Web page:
By Helen Paris
Lost Property is set to be a major book title that many publishers wanted and Transworld got, and I can see why it is so hotly anticipated, with its wonderful characters, heartwarming and uplifting storyline, even through some sadness and the intrigue of all that Lost Property, which isn’t always what you might expect!
This is an absolute Must Read for anyone and I feel very lucky to be able to read and review it!
This is a book to grab and clutch onto tightly, and you won’t want to let it go too easily.
Read on to find out more about this beauty of a book in the blurb, the rest of my review and what the author had to say about her book. For a debut novel, Lost Property makes Helen Paris an author to watch for more…
A moving and life-affirming debut novel from an exciting new voice in Book Club fiction. For fans of Saving
Missy and The Authenticity Project, with themes of loss, hope, forgiveness and kindness.
Everything that’s lost belongs somewhere. Dot Watson just needs to be found.
Dot Watson’s life is stuck. She wasn’t meant to be single at this point, or still working in a temporary job she
started ten years ago. She was supposed to be in Paris, falling madly in love, building an exciting career.
Instead, every day in Baker Street’s Lost Property office, she diligently catalogues hundreds of lost
umbrellas, lone gloves and an alarming number of shoes.
There’s a comfort in her routine that Dot has become quite attached to. But then Mr Appleby arrives at her
work asking for help to find his late wife’s purse.
Dot recognises his desperation and grief – and they stir something unexpected in her: determination. As she
resolves to help Mr Appleby, what else might she find along the way?
Lost Property is just lovely and absolutely splendid from the start, as it tells the story of Dot, Phillipa and their parents. Most of us at some point has either seen a Lost Property box or department or lost something before and this book immerses readers into this curious world of other people’s belongings. I just love the attention to detail and creativity with the luggage tags at the beginning of each chapter, stating what was lost and where. The places and items (sometimes human), is diverse from an Oyster Card to briefcases to a purchase at Selfridges. It is heartwarming when owner and lost item are reunited. It is fun meeting the items, the members of the public and the employees of the Lost Property department. There are times when it isn’t an item as such that is missing, which brings a different slant to the story at times. Sometimes it is something very human that is lost.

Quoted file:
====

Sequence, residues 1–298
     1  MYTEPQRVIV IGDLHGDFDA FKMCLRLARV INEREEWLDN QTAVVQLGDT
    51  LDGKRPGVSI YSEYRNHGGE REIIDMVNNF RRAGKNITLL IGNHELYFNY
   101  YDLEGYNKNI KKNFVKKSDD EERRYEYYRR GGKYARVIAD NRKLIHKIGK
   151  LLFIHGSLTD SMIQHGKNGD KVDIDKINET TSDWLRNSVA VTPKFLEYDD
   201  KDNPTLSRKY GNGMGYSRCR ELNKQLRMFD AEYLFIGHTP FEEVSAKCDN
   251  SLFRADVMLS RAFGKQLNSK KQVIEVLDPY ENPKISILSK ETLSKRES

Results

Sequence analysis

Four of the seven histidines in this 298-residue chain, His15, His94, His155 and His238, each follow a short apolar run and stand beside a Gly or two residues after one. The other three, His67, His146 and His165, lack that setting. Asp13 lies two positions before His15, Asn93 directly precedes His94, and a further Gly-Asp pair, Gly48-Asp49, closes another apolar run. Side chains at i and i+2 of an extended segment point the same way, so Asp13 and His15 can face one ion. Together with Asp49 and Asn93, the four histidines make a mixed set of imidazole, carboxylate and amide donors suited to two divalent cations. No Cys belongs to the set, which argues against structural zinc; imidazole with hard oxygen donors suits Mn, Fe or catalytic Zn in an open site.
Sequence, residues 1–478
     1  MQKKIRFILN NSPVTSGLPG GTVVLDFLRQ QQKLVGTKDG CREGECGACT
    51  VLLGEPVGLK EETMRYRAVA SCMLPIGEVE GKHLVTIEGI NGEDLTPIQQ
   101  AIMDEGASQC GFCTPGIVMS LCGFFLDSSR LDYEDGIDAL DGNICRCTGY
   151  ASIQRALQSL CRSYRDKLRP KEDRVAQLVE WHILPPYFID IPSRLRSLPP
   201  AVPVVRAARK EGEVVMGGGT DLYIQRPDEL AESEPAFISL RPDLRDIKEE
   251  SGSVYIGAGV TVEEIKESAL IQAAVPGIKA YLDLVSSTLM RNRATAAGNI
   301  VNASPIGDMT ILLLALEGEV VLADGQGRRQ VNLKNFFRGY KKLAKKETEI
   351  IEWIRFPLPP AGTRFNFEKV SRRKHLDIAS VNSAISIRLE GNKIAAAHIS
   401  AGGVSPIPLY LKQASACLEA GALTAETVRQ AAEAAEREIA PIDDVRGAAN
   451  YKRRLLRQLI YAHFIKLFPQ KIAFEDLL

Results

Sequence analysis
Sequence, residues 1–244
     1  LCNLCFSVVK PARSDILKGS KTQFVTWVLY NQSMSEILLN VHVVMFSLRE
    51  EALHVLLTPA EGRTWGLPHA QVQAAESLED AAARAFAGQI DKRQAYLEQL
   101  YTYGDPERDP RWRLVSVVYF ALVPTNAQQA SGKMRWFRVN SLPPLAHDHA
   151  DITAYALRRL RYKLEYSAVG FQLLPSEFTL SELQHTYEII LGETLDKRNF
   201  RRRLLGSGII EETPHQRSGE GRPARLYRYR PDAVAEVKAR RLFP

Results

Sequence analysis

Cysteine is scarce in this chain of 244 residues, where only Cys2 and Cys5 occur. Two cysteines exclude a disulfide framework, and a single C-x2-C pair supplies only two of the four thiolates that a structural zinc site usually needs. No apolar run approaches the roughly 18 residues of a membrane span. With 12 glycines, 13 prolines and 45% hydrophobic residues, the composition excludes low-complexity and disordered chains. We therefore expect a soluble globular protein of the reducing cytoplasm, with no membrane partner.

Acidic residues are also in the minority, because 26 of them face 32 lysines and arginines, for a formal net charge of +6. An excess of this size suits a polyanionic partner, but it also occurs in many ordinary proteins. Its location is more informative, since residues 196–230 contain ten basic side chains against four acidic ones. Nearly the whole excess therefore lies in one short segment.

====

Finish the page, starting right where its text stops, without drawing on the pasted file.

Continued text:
There is intrigue and mystery surrounding the Mr Appleby as suddenly he doesn’t seem to exist on the system anymore and yet his missing holdall has turned up. It isn’t just a holdall, it has particular significance, which is tender and of sentimental value.
There is also the shake-up of new policies from a new boss and all proves quite unpopular and as a reader, makes me more onside with the employees under her.
There is terrific lightness and humour mixed with intrigue about the lost property items and who they belong to, as well as poignancy and sadness as Dot and Phillipa’s mum has dementia. It is heartwarming that their mum has a routine and can attend a specialised excursion club, but it is Dot and Phillippa, with the help of some nurses and carers take care of her.
This is a book with a lot of heart and soul to it, that captures certain parts of life, just beautifully, even the parts of dementia and pretty accurately.
I wholeheartedly recommend it and it will fill your heart with warmth.
About the Author
Helen Paris worked in the performing arts for two decades, touring internationally with her London-based
theatre company Curious. After several years living in San Francisco and working as a theatre professor at
Stanford University, she returned to the UK to focus on writing fiction. As part of her research for a performance called ‘Lost & Found’, Paris shadowed employees in the Baker Street Lost Property office for a week, an experience that sparked her imagination and inspired this novel.
Lost Property is her first novel.
A note from Helen:
“Although entirely a work of fiction Lost Property was influenced by the short time I spent in Lost Property,
Baker Street shadowing different employees as research for a performance. Whether it’s a designer bag left
in the back of a black cab or a woolly scarf forgotten on the number 44 bus, loss touches all of us. It is
pervasive, and it never ends – as Dot Watson might say, ‘It’s reliable like that.’
I have always been fascinated by the memories that objects hold, how even the most every day object – a pipe,
a bag, a small purse – can help us recall a place or a person or a particular time in life. Objects can be totemic,
portals to the past. Tactile memory – the memories triggered by holding familiar objects – can be profound.
Some objects almost let us time-travel back to the places we yearn to be, to the people no longer with us, and
linger there, if only for a moment.”